Howdy, Stranger!

It looks like you're new here. If you want to get involved, click one of these buttons!

Advertise on LowEndTalk.com
Quick Trick: Drop All Tables in MySQL Database in One Step
New on LowEndTalk? Please read our 'Community Rules' by clicking on it in the right menu!

Quick Trick: Drop All Tables in MySQL Database in One Step

raindog308raindog308 Administrator, Moderator
edited February 2013 in Tutorials

Neat little trick I learned today:

mysqldump -u${user} -p${pass} -h ${host} --add-drop-table --no-data ${database} | grep ^DROP | mysql -u${user} -p${pass} -h ${host} ${database}

For LET support, please visit the support desk.

Comments

  • Wouldn't

    DROP DATABASE my_db;
    CREATE DATABASE my_db;

    do?

  • yomeroyomero Member
    edited February 2013

    @akb said: Wouldn't

    DROP DATABASE my_db;

    CREATE DATABASE my_db;

    do?

    I agree lol!
    But I wonder if the permissions persist doing this.

    Also, the first method doesn't have issues when you have foreign keys? =(

  • raindog308raindog308 Administrator, Moderator

    Yes, but

    • User may not have root on the MySQL database (drop/create permissions).

    • I believe you'd have to recreate user grants. So if you granted user joebob ALL on my_db.*, you'd have to regrant ALL to joebob (and any other users).

    For LET support, please visit the support desk.

  • raindog308raindog308 Administrator, Moderator

    Good point @yomero - this was in MyISAM.

    For LET support, please visit the support desk.

  • @raindog308 said: I believe you'd have to recreate user grants. So if you granted user joebob ALL on my_db.*, you'd have to regrant ALL to joebob (and any other users).

    I guess so

    @raindog308 said: User may not have root on the MySQL database (drop/create permissions).

    I can't remember if there is a permission for DROP/CREATE. If so, maybe I am not able to even drop the database =P

  • @raindog308 said: I believe you'd have to recreate user grants. So if you granted user joebob ALL on my_db.*, you'd have to regrant ALL to joebob (and any other users).

    User grants stay intact when you drop a database. If you create a database with the same name, you will be able to connect with the username/password you had before dropping it.

    Fusioned | KVM SSD VPS | LSI RAID10 | Netherlands 1Gbps | R1Soft | IPv4 & IPv6 | SolusVM
  • raindog308raindog308 Administrator, Moderator

    Interesting. MySQL is so ugly under the covers :-) I think you're right - grants are just entries in a permissions table.

    For LET support, please visit the support desk.

  • You could also do
    SELECT concat('DROP TABLE IF EXISTS ', table_name, ';') FROM information_schema.tables WHERE table_schema = 'MyDatabaseName';

    Preventing foreign key issues can be done with SET FOREIGN_KEY_CHECKS = 0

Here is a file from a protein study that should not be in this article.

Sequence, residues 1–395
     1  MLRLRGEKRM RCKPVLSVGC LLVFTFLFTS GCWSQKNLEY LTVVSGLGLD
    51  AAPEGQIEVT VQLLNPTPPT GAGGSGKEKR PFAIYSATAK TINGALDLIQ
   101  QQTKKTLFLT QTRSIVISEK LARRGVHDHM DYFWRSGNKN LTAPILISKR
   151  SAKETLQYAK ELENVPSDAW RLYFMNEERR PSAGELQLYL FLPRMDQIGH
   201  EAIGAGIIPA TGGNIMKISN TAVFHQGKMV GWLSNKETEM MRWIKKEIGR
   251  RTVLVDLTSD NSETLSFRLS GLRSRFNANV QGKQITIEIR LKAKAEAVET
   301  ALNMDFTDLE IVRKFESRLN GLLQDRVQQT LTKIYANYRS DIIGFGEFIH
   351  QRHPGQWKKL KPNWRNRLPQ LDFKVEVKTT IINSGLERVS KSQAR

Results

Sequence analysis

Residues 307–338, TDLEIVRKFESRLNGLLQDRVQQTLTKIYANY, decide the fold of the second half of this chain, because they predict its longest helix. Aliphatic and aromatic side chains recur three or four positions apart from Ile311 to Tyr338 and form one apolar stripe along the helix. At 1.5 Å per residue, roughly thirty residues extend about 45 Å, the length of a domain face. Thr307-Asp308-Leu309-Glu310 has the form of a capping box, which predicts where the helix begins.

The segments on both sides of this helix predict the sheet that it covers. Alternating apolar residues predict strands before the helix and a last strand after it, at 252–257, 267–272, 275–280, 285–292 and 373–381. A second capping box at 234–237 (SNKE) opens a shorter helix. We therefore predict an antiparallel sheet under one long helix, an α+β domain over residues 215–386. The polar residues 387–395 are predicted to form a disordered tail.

• My quick trick involves pushing 2 buttons in Webmin: 1. click the "drop database" button 2. click the "just drop all tables" button. :)

  • SperrymanSperryman Member
    edited February 2013

    image

  • murkymurky Disabled

    or
    or
    or checking all tables in phpMyAdmin, and selecting "Drop" :)

  • raindog308raindog308 Administrator, Moderator

    @murky said: or checking all tables in phpMyAdmin, and selecting "Drop" :)

    Lots of clicking if you 100 tables...

    For LET support, please visit the support desk.

  • @raindog308 said: Lots of clicking if you 100 tables...

    Unless you go all the way down and select "Check All"

  • @raindog308 said: Interesting. MySQL is so ugly under the covers :-) I think you're right - grants are just entries in a permissions table.

    It could also be considered a neat feature :) Not that I disagree that there's definite room for improvement in MySQL. But it isn't all that bad.

    I recommend Prometeus, the best provider ever!

  • raindog308raindog308 Administrator, Moderator

    @mpkossen said: It could also be considered a neat feature :) Not that I disagree that there's definite room for improvement in MySQL. But it isn't all that bad.

    Actually, all major RDBMS systems I can think of keep this kind of config info in an internal table of some sort - after all, the RDBMS system has a perfectly good data storage system (itself) so why not use it.

    But what is crude about MySQL is that as @George_Fusioned points out, permissions are maintained even if the DB is dropped and recreated.

    Not all RDBMS systems use the "database" metaphor. For example, in Oracle you have schemas and tablespaces. SQL Server and Postgres are like MySQL - you create multiple databases.

    Anyway, I believe in SQL Server (and maybe Pg) the DB name is just a human-friendly name. The real "db name" is some internal number, to prevent this kind of silliness.

    This is one of the reasons that cPanel creates DBs with the username prepended (e.g., raindog_mydb) so that users can't accidentally inherit or be given access to recreated databases, collide with other users' DBs, etc.

    I was curious and so confirmed that @George_Fusioned is right...

    MySQL 5.1.66

    As mysql root:

    mysql> create database letrules;
    mysql> create user [email protected] identified by 'pepsi';
    mysql> grant all on letrules.* to [email protected];
    mysql> flush privileges;
    

    As [email protected]:

    mysql> create table sometable ( id integer );
    

    As myql root:

    mysql> drop database letrules;
    mysql> flush privileges;
    mysql> create database letrules;
    

    Again as [email protected]:

    mysql> show tables;
    mysql> create table sometable ( id integer );
    

    For LET support, please visit the support desk.

  • I've covered this topic on my blog in 2006 - it covers several options in the post and in the comments on dropping all the tables (or truncating the database) in MySQL.

Sign In or Register to comment.